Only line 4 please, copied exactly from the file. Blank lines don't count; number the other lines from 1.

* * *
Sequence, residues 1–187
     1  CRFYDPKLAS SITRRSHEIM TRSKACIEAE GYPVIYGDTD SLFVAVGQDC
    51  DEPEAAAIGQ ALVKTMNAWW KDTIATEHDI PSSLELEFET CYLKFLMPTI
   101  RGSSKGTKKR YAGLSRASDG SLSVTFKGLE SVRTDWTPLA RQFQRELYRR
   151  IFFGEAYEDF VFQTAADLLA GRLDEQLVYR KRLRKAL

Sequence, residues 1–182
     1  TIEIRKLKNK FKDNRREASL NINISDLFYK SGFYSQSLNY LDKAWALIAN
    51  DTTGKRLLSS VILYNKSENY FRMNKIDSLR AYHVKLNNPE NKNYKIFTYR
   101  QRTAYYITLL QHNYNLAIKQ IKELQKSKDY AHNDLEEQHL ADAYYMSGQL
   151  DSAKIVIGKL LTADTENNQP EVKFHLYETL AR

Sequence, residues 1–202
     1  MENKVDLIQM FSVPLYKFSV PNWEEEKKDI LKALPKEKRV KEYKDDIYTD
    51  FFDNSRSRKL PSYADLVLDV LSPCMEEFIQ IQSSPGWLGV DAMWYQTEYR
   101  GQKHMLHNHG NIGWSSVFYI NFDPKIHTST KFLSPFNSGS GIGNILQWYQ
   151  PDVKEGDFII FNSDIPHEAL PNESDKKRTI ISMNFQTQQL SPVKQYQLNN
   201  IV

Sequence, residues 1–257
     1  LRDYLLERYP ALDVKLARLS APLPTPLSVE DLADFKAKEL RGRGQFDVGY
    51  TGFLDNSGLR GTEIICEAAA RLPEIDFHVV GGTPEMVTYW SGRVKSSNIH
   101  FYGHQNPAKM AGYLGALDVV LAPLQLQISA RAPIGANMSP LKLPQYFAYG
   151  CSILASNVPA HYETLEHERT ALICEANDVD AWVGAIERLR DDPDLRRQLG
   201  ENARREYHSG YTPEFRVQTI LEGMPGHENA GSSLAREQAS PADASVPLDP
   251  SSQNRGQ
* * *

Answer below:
   101  RGSSKGTKKR YAGLSRASDG SLSVTFKGLE SVRTDWTPLA RQFQRELYRR